The Rebirth and Resurgence of BURNAROUND

Posted In: Arts & Entertainment, Local Music, Artist Feature, Review Music Awards,   From Issue 747   By: Robert E Martin

17th May, 2012     0

The legacy and history of the rock band Burnaround occupies its own area of regional musical history that forms a roadmap of sorts to the evolution of the rock music scene itself in the Great Lakes Bay.  Formed back in 2000 from the remnants of Wet Cement and Shovel - two formidable hard rock outfits that dominated the live rock scene in the mid to late '90s; the members of Burnaround have contributed to defining the shape & sound of the Hard Rock scene for over two decades; and like the power of a magnet, drawn some of the best players in our area into it's fold.
 
In addition to securing honors of Best Rock Band & Best Metal Band at the 2012 RMA's, veteran Burnaround members Matt Johnston was selected Best Rock Drummer, 'The Axe' Best Rock Guitarist, and Tony Paul Best Rock Vocalist. But the 'secret weapon' in their high-powered arsenal of musical personnel that has led to their resurgent success exists in the form of newest member, bassist Rick Maida, who's divergent musical tastes, ability, and vocal prowess has added an entirely new dimension of coloration and power to the Burnaround sound.”
 
First formed over a decade ago with Wet Cement members Vince Gaskew, Mark Dillman and Tony joining forces with The Axe from the band Shovel, the group Burnaround was born and instantly started packing clubs from Hemlock to Hale and all points in-between. During that evolution they also enlisted respected bassist Bruce LaFrance into the fold, cultivating a well-deserved reputation as one of the most professional, passionate, and committed rock 'n roll outfits populating the circuit.
 
But then tragedy struck when Vince found himself involved in a serious car wreck and broke his back, at which point the page turned and the band enlisted the aid of drummer Matt Johnston, who was one of the founding members of The Hipakritz.
 
Tony recalls that period well with an excellent anecdote that reveals much about the professional attitude that permeates the fabric of Burnaround:
 
Matt came in and sat with us for a month, showing up with this crappy Pearl drum kit. But he fell into the gig naturally and covered everything really well. We felt comfortable with Matt from the get-go. But then Vince rehabilitated himself and came back into the fold for a little stretch, only wasn't really feeling the music.
 
“In the meantime Matt took the money that he earned playing with Burnaround for that little stretch and bought all new equipment.  When we approached him about becoming our permanent drummer, to my mind the fact he went out and bought all this new gear was an indication of both his seriousness and commitment.”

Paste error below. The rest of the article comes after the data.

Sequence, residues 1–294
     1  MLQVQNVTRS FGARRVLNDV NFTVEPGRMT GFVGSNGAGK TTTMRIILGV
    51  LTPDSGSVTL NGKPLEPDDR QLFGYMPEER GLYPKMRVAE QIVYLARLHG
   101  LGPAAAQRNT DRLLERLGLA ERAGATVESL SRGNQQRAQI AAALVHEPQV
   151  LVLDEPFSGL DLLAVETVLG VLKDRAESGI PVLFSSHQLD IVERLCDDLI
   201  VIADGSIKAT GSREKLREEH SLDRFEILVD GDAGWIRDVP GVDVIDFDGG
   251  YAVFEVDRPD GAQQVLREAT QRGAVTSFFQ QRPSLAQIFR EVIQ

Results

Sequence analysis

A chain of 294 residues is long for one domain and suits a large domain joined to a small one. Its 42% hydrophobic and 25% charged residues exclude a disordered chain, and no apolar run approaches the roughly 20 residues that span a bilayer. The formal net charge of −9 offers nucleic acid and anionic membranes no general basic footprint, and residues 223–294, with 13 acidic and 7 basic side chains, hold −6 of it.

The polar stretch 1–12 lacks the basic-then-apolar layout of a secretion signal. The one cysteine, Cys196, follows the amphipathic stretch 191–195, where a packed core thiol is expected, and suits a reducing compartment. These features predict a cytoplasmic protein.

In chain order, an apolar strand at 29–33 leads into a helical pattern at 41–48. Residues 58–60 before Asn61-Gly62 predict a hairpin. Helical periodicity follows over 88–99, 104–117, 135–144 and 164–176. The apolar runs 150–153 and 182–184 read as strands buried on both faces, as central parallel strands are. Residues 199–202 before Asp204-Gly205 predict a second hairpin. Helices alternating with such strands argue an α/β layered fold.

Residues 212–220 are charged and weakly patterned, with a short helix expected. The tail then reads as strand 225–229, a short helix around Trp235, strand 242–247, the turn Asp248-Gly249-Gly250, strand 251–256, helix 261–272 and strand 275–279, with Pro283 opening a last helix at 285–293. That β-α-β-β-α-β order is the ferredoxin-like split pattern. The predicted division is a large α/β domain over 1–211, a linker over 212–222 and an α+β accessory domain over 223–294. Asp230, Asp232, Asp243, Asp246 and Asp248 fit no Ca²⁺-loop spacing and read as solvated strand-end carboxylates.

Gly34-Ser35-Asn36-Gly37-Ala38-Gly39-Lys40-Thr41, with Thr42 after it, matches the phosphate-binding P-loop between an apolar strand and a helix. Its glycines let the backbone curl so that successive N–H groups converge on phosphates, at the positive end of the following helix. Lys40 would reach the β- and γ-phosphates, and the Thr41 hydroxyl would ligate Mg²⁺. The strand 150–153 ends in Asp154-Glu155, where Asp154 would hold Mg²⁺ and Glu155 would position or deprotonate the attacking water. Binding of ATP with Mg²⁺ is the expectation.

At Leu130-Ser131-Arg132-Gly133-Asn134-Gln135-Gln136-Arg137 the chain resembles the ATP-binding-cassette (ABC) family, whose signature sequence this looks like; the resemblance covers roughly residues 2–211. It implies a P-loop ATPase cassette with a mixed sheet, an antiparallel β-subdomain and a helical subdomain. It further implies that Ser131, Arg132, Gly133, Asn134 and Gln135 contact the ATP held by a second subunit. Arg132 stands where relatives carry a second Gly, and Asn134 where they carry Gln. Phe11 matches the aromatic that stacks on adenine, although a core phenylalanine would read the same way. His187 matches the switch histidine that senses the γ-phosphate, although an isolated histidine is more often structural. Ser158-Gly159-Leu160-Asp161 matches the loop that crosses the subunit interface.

The band continued for a good five-year stretch, only to have their bassist move to Ann Arbor; and then Tony himself took a break from the group in order to tame some of his own personal demons, so the band soldiered on with a different vocalist under the name of Power Trip. Subsequently, Tony got himself back into circulation and Burnaround reformed with the addition of current bassist Rick Maida - a move all members reference as an important reason for their resurgence and broader popularity.
 
Tony puts it this way: “It's all about chemistry. You can put the best musicians together but if they don't have interpersonal chemistry, it can't work. Each member of this band has specific talents, but we've remained friends on a personal level and always had love for each other, no matter how bad things may go for any individual member.”
 
A pivotal move to re-inventing Burnaround came with an expansion of their repertoire and evolution of their sound beyond the realm of Metal and Hard Rock.  “We have more variety now,” explains Matt. “We've always been known for intense in-your-face music, but I think we've expanded the horizons to benefit a larger crowd and keep everybody dancing.  Now we do everything from Modern Country and Johnny Cash to Aerosmith.”
 
“We didn't want to lose that Heavy Metal element 100 percent,” adds Tony. We can still play those songs, but since 2005 to where we're at now I hear and see us as a totally different band. We still enjoy heavy music because its part of the band's DNA; but the key change to the group musically is the addition of Rick and his level of musicianship, coupled with the feel and technique he employs. Rick opened things up wide for us musically with his ability at playing different styles and his overall feel and demeanor changed the dynamic of the band in a really good way. Now if we wanna play Brick House we can - the 2005 Burnaround couldn't do that.”
 
As for bassist Rick Maida, his own impressions of this long lasting hard driven outfit of road-tested warriors is one of respect, engagement, and obvious affection. “There's a lot of bands out there that focus singularly on cranking out the music to a heavy metal blueprint, but now that we can play all kinds of pop music, especially with the three-part harmonies we now have going, our musicianship takes everything about this band to an entirely new level.”